Designed for professionals working in academic settings, this one-hour training provides attendees with a working understanding of the core principles of trauma-informed care and why incorporating neuroscience-informed approaches into this approach within academic settings will likely lead to improved student outcomes.

Other topics discussed in this training will include trauma symptoms and triggers, shame, empathy, self-regulation deficits, sensory processing limitations, alexithymia, attachment issues, executive dysfunction, metacognitive skills, motivational deficits, hypothalamic-pituitary-adrenal (HPA) axis dysfunction, neuroplasticity, performance issues, resilience, gratitude, optimism, sleep disturbances, theory of mind, and time management and organizational issues to name a few. Empirically-based research findings will be highlighted throughout this training.

Training Objectives:

  • Define trauma and other related concepts (e.g., toxic stress, adverse childhood experiences, and complex trauma)
  • Describe the fundamental principles of trauma-informed care
  • Examine how trauma and its associated deficits can impact brain functioning and overall academic performance
  • Describe and implement appropriate educational approaches through a trauma and neuroscience-informed lens

Make Workshopping Work: Writing Feedback for Growth in Asynchronous Classes

Megan Kuyatt, Anne Arundel Community College

Workshopping as a method of feedback has been under pedagogical scrutiny as of late--and for good reason. While workshopping can be an effective method of introducing students to new perspectives on their work, and introduce them to the reality of their work under reader interpretation, it is easy for the workshop to become a discouraging--and even detrimental--structure. In this webinar, we'll discuss critical elements for making workshop work--especially in an asynchronous environment. We'll explore establishing tone and structure of the workshop model, creating workshop groups for engagement, as well as ideas for how to have students engage and check in post-workshop.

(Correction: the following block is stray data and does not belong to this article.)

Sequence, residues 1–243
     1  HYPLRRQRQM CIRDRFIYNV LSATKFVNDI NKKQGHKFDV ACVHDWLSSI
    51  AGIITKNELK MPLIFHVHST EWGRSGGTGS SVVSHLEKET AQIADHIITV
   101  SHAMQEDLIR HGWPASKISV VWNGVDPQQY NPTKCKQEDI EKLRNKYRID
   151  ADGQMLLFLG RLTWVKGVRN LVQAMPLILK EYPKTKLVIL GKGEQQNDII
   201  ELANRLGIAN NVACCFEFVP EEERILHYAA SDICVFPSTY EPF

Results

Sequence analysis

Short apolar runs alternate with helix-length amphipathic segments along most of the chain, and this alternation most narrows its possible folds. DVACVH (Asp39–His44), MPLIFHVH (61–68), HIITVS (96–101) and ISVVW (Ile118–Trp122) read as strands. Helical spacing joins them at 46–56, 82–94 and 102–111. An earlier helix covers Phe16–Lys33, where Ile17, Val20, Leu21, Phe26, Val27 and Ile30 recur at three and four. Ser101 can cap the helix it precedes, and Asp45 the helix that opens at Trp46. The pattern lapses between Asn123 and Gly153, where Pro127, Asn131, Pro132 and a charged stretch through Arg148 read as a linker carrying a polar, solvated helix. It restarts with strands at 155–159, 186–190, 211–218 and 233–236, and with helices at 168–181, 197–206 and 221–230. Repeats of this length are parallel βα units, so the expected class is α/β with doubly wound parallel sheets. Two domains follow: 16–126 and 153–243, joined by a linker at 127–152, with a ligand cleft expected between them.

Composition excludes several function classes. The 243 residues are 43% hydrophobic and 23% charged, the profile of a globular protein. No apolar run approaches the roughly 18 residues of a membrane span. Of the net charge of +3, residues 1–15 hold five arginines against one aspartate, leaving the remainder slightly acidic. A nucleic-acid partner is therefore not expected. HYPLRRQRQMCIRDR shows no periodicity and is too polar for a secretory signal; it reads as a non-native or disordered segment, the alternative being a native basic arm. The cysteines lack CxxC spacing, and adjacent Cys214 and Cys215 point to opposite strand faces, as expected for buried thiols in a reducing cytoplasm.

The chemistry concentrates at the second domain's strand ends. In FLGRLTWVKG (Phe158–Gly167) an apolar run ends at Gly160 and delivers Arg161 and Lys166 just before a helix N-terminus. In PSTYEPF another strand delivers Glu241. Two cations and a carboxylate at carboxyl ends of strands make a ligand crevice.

Zooming in to Better Engagement

Dr. Laura Garrett, Tulsa Community College

Numerous techniques to increase student participation via Zoom will be discussed in various situations, including live class supplementation and synchronous teaching. Dr Garrett will discuss successful methods to enrich Zoom classrooms and outline the pitfalls. Techniques using active learning and collaboration tools that make classes more interactive will be demonstrated. Dr. Garrett finds these methods allow students to participate in more engaging ways, sometimes more than in a live classroom. Often there is immediate personal engagement between students and instructors, which may create greater feelings of community and lessen feelings of isolation.  More responsive exchanges between students and instructors can prevent miscommunication or misunderstanding. She will present the research regarding the effectiveness of Zoom sessions and demonstrate the techniques she has found to keep students engaged. Proper online etiquette will be discussed. There can be advantages especially for students who have difficulty with work, school and family challenges.  

Everyone's a Writer: Empowering Students to Unleash Their Inner Writing Genius

David Von Schlichten, Seton Hill University

In a world of emails, texts, and social media, all of our students will do a great deal of writing in their careers, yet students often struggle with confidence and basic writing concepts. Drawing from Hawkes's "Foundations of English," award-winning instructor Dr. David von Schlichten will enthusiastically use humor, stories, and clear, practical steps to debunk writing myths and to show how instructors can liberate each student's unique writing voice so that they can be clearer, more efficient, and more effective communicators. Writing better means living better. Let's unleash the writing genius within!

Unseen Struggles of Immigrant and Refugee Students – How to Help!
Elina Newman, Southeast Community College

The purpose of this seminar is to foster understanding of immigrant/refugee student situations that you may not read about in literature and offer practical ways to help your immigrant/refugee students succeed in your classes.